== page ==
Sunday, November 13, 2005

Unite against Criticism

Dubya hit back at his critics on Friday at an address to commemorate Veterans Day. Some people might think that such an event is highly unsuitable for political charged and controversial statements. George has no such concern. In fact, he's provided a splendidly clear example of the "we must unite against the common enemy" tactic I mentioned in the previous post. No-one does this quite as brazenly as Dubya; even Blair doesn't have the temerity to be so blatant.

Here's the full text of what he said. I've selected a couple of telling quotes.
The murderous ideology of the Islamic radicals is the great challenge of our new century. Yet in many ways, this fight resembles the struggle against communism in the last century.
This is an extraordinary exaggeration. Without wishing to discuss the Cold War in any great detail it's pretty obvious that the threat today is very different. The "struggle against communism" was a struggle against a very large, very well funded nation state. In fact, it was a struggle against a superpower of almost equal strength to the US. The military capacity of the USSR was totally incomparable to the terrorist threat we now face. Millions of well trained, well equipped professional soldiers, backed by an enormous structured state apperatus compared to a group of extremists with limited funding and no superpower state backing. A huge arsenal of nuclear weapons constantly targetted at the US and ready to be launched at short notice compared to the possibility that a terrorist group might aquired and use WMD at some point in the future. In the fight againt communism, the US (and the world) faced the constant possibility of mutually assured destruction. The world as we knew it could have been destroyed at the push of a button. For every hour of every day, for very many years, the US was quite literally minutes from potential destruction.

While the incidents of September 11th were undoubtedly horrific, the idea that "in many ways, this fight resembles the struggle agaisnt communism" is basically laughable. In almost no way does this fight resemble the fight against communism. And yet, Dubya says that it does. It is as bold an example of scaremongering to keep the people in line as you're ever likely to see.

Well, that's not quite true. Towards the end of the speech, George goes even further.
While it's perfectly legitimate to criticize my decision or the conduct of the war, it is deeply irresponsible to rewrite the history of how that war began... The stakes in the global war on terror are too high, and the national interest is too important, for politicians to throw out false charges. (Applause.) These baseless attacks send the wrong signal to our troops and to an enemy that is questioning America's will. As our troops fight a ruthless enemy determined to destroy our way of life, they deserve to know that their elected leaders who voted to send them to war continue to stand behind them. (Applause.) Our troops deserve to know that this support will remain firm when the going gets tough. (Applause.) And our troops deserve to know that whatever our differences in Washington, our will is strong, our nation is united, and we will settle for nothing less than victory. (Applause.)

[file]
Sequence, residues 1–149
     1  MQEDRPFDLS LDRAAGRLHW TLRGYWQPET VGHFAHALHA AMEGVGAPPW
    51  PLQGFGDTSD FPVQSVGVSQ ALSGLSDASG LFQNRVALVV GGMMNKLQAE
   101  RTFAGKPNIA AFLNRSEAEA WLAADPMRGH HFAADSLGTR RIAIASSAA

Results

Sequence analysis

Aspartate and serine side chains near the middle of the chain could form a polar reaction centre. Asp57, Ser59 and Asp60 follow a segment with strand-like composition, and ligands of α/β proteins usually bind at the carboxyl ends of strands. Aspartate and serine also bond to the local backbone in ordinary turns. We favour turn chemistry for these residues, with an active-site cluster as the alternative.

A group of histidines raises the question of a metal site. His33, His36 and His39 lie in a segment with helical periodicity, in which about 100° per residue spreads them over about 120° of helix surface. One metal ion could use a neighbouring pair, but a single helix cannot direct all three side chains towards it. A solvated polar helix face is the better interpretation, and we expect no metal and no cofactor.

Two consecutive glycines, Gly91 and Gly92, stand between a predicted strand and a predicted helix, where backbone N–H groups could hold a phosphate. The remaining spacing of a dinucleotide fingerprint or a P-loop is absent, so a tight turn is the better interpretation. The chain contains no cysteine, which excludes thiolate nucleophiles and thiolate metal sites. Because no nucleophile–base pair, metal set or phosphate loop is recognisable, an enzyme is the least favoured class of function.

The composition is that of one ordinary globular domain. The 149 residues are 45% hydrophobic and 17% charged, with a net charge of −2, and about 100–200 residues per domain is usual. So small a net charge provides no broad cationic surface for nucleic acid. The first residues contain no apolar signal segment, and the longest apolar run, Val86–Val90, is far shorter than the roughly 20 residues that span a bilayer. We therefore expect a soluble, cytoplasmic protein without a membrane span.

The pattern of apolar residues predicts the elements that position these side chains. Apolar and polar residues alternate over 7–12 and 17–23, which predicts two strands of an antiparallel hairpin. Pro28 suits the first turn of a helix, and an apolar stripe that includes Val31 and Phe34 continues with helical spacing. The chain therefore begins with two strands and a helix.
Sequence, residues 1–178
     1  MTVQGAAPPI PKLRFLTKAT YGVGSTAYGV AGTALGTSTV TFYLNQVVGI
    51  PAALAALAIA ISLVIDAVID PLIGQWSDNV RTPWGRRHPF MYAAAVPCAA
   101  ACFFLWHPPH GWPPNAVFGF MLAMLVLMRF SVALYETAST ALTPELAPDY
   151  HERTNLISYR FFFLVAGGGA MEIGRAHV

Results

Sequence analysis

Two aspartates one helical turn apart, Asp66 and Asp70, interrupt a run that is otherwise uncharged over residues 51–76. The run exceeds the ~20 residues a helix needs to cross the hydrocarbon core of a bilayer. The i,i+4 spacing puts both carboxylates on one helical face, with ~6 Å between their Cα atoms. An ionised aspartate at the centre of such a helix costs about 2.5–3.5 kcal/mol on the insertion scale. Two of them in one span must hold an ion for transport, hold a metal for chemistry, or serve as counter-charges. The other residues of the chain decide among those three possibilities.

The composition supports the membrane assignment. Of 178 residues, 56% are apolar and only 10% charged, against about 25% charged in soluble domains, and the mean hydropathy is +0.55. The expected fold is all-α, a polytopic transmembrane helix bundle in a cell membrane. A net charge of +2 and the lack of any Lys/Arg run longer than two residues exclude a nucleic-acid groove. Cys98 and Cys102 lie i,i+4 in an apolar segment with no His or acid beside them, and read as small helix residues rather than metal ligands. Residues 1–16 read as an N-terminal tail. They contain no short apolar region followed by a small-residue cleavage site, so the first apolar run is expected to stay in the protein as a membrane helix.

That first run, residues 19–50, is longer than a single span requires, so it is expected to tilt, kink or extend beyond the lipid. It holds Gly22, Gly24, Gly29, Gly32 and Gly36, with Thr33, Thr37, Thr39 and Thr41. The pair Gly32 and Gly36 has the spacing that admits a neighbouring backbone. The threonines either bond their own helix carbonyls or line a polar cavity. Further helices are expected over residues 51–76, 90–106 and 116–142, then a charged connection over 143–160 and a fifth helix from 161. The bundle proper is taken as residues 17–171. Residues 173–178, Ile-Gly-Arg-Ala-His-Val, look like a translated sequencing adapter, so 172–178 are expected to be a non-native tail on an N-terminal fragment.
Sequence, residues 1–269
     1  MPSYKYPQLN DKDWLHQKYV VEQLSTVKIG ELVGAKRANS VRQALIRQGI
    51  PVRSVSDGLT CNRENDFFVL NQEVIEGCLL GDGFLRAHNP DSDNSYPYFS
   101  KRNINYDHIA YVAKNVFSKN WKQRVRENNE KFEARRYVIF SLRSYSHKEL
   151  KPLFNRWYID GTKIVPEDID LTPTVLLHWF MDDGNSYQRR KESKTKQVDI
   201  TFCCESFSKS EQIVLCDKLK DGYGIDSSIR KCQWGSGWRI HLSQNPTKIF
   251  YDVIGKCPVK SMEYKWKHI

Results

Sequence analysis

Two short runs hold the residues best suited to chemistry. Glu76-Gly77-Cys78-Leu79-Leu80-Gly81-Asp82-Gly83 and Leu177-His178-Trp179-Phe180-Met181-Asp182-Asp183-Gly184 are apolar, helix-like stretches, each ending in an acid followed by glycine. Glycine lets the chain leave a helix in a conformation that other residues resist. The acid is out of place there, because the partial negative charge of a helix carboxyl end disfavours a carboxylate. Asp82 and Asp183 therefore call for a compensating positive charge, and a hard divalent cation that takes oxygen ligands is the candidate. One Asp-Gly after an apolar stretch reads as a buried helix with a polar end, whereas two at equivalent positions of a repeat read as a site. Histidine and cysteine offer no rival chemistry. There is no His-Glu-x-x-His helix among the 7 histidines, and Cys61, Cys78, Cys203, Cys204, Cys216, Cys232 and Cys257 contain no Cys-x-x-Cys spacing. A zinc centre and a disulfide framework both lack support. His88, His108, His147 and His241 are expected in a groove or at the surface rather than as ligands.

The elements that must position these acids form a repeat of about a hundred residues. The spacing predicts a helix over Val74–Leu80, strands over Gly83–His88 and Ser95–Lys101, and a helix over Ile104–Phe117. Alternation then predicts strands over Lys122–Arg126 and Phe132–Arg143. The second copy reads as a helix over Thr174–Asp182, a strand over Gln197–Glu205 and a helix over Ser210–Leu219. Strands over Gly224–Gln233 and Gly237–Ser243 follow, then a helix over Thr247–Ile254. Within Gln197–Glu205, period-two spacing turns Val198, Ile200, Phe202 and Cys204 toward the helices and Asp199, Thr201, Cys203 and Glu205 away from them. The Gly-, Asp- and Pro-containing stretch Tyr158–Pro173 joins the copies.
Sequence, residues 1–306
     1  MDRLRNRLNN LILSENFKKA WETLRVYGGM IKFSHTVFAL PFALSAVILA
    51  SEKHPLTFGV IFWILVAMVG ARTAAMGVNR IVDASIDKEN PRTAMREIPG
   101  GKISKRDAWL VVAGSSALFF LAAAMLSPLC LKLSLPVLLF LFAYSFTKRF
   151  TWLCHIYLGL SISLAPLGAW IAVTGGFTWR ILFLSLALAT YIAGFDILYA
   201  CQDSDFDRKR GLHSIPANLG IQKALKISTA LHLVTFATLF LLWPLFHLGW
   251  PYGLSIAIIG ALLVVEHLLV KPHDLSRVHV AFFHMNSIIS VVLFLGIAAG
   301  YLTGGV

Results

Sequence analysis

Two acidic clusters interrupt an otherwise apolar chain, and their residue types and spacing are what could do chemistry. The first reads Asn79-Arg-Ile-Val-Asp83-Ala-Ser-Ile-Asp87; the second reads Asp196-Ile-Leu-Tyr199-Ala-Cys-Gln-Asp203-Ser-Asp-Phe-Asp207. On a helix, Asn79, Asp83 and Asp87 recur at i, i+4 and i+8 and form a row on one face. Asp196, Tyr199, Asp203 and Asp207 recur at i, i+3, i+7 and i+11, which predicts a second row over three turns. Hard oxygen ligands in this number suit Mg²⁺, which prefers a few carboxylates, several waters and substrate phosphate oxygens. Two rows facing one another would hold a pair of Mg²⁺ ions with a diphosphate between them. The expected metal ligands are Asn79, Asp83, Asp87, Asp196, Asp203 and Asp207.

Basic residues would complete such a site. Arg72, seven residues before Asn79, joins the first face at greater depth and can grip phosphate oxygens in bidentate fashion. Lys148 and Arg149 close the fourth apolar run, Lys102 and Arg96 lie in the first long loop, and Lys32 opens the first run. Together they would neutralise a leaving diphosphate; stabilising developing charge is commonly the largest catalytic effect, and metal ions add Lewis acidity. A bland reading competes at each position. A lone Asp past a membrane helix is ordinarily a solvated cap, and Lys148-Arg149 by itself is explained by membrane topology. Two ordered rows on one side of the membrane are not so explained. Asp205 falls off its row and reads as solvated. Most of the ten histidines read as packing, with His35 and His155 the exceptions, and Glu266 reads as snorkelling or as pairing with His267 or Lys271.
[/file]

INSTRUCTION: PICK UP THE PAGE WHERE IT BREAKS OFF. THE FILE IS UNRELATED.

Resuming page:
I doubt I have to spell it out, the message is clear: "We must unite against the common enemy." That means not criticising Bush where it hurts, no matter how unscrupulously you believe he behaved in the run up to the war. If you have doubts, button it. If you do not, you are aiding the enemy and threatening the very existence of the citizens and institutions of the United States of America. You are, in short, a traitor. It is astonishingly blatant. In the UK, Blair has to use the Scum to pursue such obviously manipulative tactics. In the US, the President appears to be able to do it without any help from friendly newspaper owners. I find this extremely worrying.

The real danger is that by exaggerating the scale of the threat, we end up with a self-fullfilling prophesy. I'd argue that this is already happening. Taking a "tough" stance on terrorism (by invading a country with no practical links to the terrorists for example) has increased the terrorists ability to recruit and carry out more attacks. The harder the squeeze, the worse the problem gets. The President then uses the increasing number of attacks to justify squeezing even harder and round we go again. Once that circle starts it is very difficult to stop.

In my next post, I'm planning to write about this from the point of view of the terrorist strategists. This will, I hope, help to further explain why I'm so worried about the President's approach to the "war" on terror.

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